The African Union (AU) was invited to the G20 summit held in India three weeks ago. That was fresh on the heels of the Brics summit held in South Africa, at which the AU and many African countries were invited.
And by the way, South Africans should smile from ear to ear, proud of the excellent manner we hosted a huge number of important visitors during the Brics gathering.
The invitations to these summits are a testimony to the growing role the African continent plays in world affairs and the potential it must contribute even further. Our continent needs to take these opportunities with both hands for the faster development of Africa.
We should move as quickly as possible to remove the underling status we occupy at both the Brics and the G20. We should not be the region of the world that needs to be assisted, but one that participates as an equal with the others.
Even in debates about the war in Ukraine, we are mentioned as the region most affected by the constrained exports of grain by the warring Russia and Ukraine. And yet Africa is a rich continent with fertile lands, varied climate, and rich mineral resources. All we need is an agreed programme of agricultural production and the designation of regions to produce various foods to feed the continent and export to other countries beyond the continent.
The fragmented nature of our representation on the continent as well as on other international platforms needs to change as soon as possible. Our combined population of nearly a billion-and- a-half people, is roughly the same as that of China and India. Yet both countries were represented at the Brics summit by one leader, as in Xi and Modi, respectively, and we were represented by 55. Our countries are simply too small to stand any chance of negotiating and dealing with other countries of the world when we are so disparate.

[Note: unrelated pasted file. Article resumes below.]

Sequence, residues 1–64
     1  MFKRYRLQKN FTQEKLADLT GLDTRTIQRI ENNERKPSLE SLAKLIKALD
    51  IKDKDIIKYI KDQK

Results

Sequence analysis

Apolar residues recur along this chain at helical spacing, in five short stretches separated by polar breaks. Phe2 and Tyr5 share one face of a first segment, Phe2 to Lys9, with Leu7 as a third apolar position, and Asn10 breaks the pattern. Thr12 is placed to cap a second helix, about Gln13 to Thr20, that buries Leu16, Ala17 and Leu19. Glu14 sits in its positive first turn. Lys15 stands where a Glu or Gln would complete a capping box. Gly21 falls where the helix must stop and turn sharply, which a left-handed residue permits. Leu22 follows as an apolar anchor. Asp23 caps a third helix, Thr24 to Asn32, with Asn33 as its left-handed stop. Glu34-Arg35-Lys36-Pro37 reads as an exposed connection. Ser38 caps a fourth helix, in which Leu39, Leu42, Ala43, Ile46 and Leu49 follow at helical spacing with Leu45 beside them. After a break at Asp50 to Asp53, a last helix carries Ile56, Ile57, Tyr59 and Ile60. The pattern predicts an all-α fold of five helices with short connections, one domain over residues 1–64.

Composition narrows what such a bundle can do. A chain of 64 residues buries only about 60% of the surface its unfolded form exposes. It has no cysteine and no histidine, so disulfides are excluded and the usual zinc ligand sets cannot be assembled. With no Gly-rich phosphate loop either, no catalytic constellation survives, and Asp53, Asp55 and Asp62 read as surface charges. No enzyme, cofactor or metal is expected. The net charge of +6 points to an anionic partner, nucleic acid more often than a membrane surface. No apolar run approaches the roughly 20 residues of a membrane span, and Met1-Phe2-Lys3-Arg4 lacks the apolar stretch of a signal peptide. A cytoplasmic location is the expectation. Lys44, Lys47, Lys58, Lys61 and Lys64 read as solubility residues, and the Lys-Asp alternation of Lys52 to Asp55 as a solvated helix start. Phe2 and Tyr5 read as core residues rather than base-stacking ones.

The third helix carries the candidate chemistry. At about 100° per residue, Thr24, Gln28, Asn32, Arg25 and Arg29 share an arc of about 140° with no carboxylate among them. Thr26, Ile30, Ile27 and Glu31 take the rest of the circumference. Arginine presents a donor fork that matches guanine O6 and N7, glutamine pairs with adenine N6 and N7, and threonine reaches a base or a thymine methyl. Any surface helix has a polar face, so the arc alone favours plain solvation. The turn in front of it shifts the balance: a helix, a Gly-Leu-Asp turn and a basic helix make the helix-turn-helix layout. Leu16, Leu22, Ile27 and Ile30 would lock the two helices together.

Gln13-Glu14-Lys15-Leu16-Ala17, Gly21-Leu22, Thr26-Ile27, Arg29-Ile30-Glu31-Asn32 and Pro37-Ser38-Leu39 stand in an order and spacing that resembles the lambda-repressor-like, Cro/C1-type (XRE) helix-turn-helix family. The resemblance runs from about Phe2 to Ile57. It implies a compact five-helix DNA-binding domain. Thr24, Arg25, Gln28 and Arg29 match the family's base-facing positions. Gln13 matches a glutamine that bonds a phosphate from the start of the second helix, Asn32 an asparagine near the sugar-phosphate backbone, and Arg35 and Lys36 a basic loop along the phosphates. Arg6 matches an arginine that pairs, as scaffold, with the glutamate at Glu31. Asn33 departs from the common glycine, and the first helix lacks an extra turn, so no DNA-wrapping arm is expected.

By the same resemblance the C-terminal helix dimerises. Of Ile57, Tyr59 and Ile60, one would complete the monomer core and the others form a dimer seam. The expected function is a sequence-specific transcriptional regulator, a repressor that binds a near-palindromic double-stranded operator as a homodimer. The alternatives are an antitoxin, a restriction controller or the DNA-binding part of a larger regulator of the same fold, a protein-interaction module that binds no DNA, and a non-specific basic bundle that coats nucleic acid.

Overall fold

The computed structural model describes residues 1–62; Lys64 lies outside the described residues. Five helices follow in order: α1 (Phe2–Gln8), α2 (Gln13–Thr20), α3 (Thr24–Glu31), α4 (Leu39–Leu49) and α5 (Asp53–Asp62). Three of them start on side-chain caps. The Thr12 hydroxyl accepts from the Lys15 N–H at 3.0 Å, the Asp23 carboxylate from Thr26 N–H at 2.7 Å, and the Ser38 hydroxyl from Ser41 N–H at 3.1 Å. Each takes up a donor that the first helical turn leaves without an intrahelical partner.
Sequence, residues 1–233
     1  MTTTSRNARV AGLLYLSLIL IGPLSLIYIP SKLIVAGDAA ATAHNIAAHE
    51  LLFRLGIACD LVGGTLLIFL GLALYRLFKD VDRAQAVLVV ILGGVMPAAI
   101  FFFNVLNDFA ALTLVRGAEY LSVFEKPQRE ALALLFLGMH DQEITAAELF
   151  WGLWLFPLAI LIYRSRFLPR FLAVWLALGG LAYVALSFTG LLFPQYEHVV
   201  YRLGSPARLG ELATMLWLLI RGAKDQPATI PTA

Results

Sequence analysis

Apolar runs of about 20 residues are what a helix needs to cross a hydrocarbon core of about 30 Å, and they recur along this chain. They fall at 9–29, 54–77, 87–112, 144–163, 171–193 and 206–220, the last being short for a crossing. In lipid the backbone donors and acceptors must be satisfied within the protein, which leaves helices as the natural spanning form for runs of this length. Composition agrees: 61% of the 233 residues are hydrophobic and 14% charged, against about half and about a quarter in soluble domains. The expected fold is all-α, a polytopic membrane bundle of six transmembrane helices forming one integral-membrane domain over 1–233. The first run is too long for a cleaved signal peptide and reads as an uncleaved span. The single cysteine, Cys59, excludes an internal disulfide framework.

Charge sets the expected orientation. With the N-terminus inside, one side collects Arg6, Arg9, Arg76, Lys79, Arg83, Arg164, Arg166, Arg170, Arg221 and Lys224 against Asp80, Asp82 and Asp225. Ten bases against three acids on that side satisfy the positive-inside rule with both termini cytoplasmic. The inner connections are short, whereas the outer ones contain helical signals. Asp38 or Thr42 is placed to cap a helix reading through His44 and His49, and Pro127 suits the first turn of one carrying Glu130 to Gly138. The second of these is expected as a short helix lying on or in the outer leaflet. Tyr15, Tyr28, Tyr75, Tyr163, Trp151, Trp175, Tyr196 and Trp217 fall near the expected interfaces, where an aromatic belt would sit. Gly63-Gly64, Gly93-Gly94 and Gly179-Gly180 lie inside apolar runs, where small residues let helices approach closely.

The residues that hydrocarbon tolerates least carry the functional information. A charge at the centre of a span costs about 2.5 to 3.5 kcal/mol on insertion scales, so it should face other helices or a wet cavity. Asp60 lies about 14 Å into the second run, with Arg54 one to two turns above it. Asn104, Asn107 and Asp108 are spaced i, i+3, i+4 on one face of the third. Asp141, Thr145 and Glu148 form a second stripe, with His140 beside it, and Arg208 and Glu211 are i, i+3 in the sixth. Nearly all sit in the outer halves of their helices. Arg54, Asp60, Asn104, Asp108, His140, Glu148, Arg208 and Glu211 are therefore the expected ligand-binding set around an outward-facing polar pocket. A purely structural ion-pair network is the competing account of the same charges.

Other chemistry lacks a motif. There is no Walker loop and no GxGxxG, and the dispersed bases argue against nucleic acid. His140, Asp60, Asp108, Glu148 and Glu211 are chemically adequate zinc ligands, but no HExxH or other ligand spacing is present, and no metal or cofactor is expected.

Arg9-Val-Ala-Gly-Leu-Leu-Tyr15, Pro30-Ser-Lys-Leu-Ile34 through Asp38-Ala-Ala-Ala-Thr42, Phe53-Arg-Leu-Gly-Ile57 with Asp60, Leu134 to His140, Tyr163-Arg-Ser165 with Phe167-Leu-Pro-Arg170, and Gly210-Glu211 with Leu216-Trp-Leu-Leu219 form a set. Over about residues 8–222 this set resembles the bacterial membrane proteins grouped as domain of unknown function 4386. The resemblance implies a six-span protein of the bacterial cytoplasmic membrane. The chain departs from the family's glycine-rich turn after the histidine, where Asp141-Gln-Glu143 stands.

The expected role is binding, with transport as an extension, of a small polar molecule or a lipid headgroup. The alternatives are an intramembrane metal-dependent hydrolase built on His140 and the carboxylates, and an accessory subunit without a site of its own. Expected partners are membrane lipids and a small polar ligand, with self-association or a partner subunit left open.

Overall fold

This weakness is amply demonstrated by the spectacle of African leaders being occasionally summoned en masse by Russia, France, China and the US to be lectured like schoolboys and girls, and, more often than not, concluding individual economic deals that benefit the summoning country.
It is great that we have established the African Continental Free Trade Area (AfCFTA) to attend to the woefully low levels of trade among ourselves. However, that needs to be accelerated as a matter of the utmost urgency, bearing in mind that our strength depends on the size of our collective economy.
The African continent can move our unity and strength many notches higher by moving towards greater political integration. This we can do by amending the AU statutes to give the chair of the AU a higher status and powers to represent the entire African continent. He or she would be the executive leader of the continent with all the relevant powers relating to a head of state.
Instead of the heads of state electing the chair every year, we might consider doing that every five years or so. Together with the AU bureaucracy, he or she would work for the interest of the entire continent. Among other things, he or she should accelerate the implementation of the AfCFTA, which should eventually be replaced by something much stronger.
For the African continent to banish underdevelopment, inferior status in the world, the legacy of colonialism and take its rightful place among other continents, we need to dream big. We should not be happy with small states and powerless leadership that has no muscle to drive African development.
- Mangena is former cabinet minister and former president of Azapo